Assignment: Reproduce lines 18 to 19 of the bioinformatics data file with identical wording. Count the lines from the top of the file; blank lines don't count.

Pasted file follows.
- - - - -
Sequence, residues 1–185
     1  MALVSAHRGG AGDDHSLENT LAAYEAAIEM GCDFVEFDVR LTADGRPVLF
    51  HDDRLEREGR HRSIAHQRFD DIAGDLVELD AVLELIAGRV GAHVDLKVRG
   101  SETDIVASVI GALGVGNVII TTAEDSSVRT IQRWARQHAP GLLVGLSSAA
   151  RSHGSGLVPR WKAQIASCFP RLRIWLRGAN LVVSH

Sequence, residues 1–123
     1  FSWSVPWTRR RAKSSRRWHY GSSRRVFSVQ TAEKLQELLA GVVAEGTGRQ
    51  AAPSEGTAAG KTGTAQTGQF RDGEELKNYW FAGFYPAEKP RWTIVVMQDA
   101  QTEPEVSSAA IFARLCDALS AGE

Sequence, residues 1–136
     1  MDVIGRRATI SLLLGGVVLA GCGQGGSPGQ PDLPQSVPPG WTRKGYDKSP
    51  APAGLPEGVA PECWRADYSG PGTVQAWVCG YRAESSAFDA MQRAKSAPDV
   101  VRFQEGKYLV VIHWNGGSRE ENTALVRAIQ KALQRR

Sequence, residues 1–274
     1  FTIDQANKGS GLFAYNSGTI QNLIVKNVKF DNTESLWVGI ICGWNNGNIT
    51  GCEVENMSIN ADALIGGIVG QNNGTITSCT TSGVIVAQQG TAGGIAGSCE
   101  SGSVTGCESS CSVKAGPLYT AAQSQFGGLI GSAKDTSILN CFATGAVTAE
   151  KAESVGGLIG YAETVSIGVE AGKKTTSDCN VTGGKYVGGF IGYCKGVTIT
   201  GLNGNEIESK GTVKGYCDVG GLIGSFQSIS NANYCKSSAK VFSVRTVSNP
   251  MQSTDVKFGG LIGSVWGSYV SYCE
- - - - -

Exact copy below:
   151  KAESVGGLIG YAETVSIGVE AGKKTTSDCN VTGGKYVGGF IGYCKGVTIT
   201  GLNGNEIESK GTVKGYCDVG GLIGSFQSIS NANYCKSSAK VFSVRTVSNP